Tart Cherry Cobbler

My sister has a cherry tree in her yard. The same sister that also has an apple tree. She has a wealth of fruit trees in her yard and lucky for me, she leaves the fruit for the birds. And by birds I mean, she leaves them for thieving little sisters. That’s me. Thus, the wealth of apple-related posts last fall. Today we move into cherry territory. Okay, so it’s actually just one recipe but I’m still pretty excited about it.

Things that I learned – tart cherries are the cherries you want to make all baked goods with. Sweet cherries are for eating raw, tart cherries are for baking. All of these years I was wondering why anyone would want a tart cherry tree. Well, clearly you have a lot more options with tart cherries than you do with sweet cherries. You technically CAN bake and can and freeze sweet cherries and of course they’re delicious just as they are. But tart cherries can also be eaten (I ate some, trust me) and they do better in baked goods.

Pitting cherries is a pain in the butt and if I ever plan to harvest all of the cherries I can off her tree, then I’ll be investing in one of those cherry-pitting machines. It was totally worth the time but I can’t say I’d be too amused if I was going to make multiple cherry-based items. Cherry jam crossed my mind and quickly uncrossed it after about five minutes in the pitting process. This was my pot of pitted cherries for one 8×8 cobbler. I can only imagine how many you’d need for jam.

The last thing I learned is that baking with fresh cherries is a LOT different than buying the canned goop. The recipe for filling can be pretty watery but it also thickens quite nicely. So while it looks runny at first, it actually firms up a lot better than the canned stuff. In all of these pictures the filling is still pretty warm but now that it’s cooled completely, the filling isn’t very runny at all. Who knew?

I was actually worried that Senor and I wouldn’t like this dessert. Neither of us are crazy about cherry pie and we are both vehemently opposed to maraschino cherries. Which is to say, I’ll eat them but I’m not happy about it. So I was nervous that it’d be a lot of work and we wouldn’t really even enjoy it.

Happily, I was wrong! When Senor went back for a second slice, it sealed the deal. The tart cherry cobbler was a success and I could once again display my backyard harvesting efforts with pride and delight. Up next, I’ll be scouring my sister’s yard for blades of wheat that I can grind up and turn into my own bread.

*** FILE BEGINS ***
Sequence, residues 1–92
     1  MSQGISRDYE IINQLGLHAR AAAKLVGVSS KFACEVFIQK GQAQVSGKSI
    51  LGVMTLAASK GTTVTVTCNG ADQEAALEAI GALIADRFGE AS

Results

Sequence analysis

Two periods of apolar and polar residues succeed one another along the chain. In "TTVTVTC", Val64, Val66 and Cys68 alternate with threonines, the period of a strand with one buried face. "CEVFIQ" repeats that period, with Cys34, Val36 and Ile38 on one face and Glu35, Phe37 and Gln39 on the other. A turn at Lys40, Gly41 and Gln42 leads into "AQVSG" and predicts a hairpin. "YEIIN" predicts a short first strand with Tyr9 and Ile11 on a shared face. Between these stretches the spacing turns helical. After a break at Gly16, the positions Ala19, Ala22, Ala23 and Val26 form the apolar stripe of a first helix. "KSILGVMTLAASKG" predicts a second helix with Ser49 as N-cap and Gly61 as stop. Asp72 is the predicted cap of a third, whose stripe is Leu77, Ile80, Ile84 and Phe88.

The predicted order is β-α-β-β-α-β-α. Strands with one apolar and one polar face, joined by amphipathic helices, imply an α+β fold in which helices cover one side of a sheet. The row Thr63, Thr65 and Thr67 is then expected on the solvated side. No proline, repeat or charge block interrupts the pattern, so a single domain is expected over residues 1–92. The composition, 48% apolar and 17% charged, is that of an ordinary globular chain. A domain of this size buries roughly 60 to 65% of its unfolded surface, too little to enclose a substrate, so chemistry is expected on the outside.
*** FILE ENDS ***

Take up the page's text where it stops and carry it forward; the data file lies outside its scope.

Tart Cherry Cobbler

for the crust

1 1/3 cup flour

1/2 lard/shortening

1 teaspoon salt

5 tablespoons cold water


for the filling

5 cups tart red cherries, pitted

1 1/2 cups sugar

1/4 cup water

7 teaspoons flour

1 teaspoon lemon zest


for the topping
1 cup flour

3 tablespoons sugar

3 tablespoons brown sugar

1/2 teaspoon baking powder

1/2 teaspoon cinnamon

3 tablespoons butter

1 egg, beaten

3 tablespoons milk

Start by pitting the cherries. An easy way to pit cherries to rest the cherry on the top of an open, empty wine or soda bottle with a small top. Alternately, a soda can will work as well, so long as the tab is opened and the can is empty. Use a chopstick to push the pit through the cherry and into the can or bottle. If you can be picky, get the biggest cherries you can find. This means less time pitting!

Once they’re pitted, heat your oven to 400 degree.

Places the cherries in a colander and rinse well. Let them drain while you ready the crust. Give them a few tosses to make sure there isn’t any extra water hanging out in there.

Prepare your crust. Cut the lard or shortening into the flour and salt. Add 4-5 tablespoons of cold water, depending on how sticky the dough feels. Knead it into a ball. Turn out onto a floured work surface and knead gently until the crust is mostly smooth. Using more flour, roll out the crust to about 1/4 inch in thickness. Transfer the crust to a greased 8×8 baking dish. Trim the crust all the way around so that it covers the bottom of the dish and comes up around each side about 1/4 of an inch. Poke the crust a few times with a fork.

Now that the crust is ready, place the drained cherries into a large sauce pan on medium heat. Combine sugar, lemon zest and water. Stir to incorporate. Sprinkle the cherries evenly with flour, using 4 teaspoons to start. As the cherries heat, add additional teaspoons if necessary. The mixture will get bubbly and should start to thicken. Remove from heat and pour the mixture into the pie crust.

Combine in a bowl the egg and milk. Whisk until combined and slightly frothy. Add softened butter and the dry ingredients. Mix with a spoon until just combined. Spoon up the mixture in dollops and place as evenly as possible around the dish on top of the cobbler. Sprinkle the topping with a light layer of brown sugar and ground cinnamon.

Bake for 20-25 minutes at 400 degrees or until the topping is evenly golden brown and the mixture is bubbling. Let cool for at least an hour before serving. Serve with vanilla ice cream whenever possible.

5 Comments on “Tart Cherry Cobbler”

  1. I recently made some cherry hand pies using regular cherries and wasn’t all that thrilled with how the filling turned out. But now I know why! Next time I’ll be using tart cherries [if I can find them?!]. Thanks for the tip and lovely post 🙂 I pinned this recipe!

    • Alisha says:

      Thanks for the pin!
      If you don’t know anyone with a tree I think you can buy them frozen. Cherries freeze really well, they don’t get watery at all.

  2. billpeeler says:

    I totally agree about tart cherries – much better eaten as a cooked dessert. What a wonderful way to prepare cherries!

  3. That looks great. One of the true summer classics. Delicious!

  4. This looks amazing! The photos are stunning.

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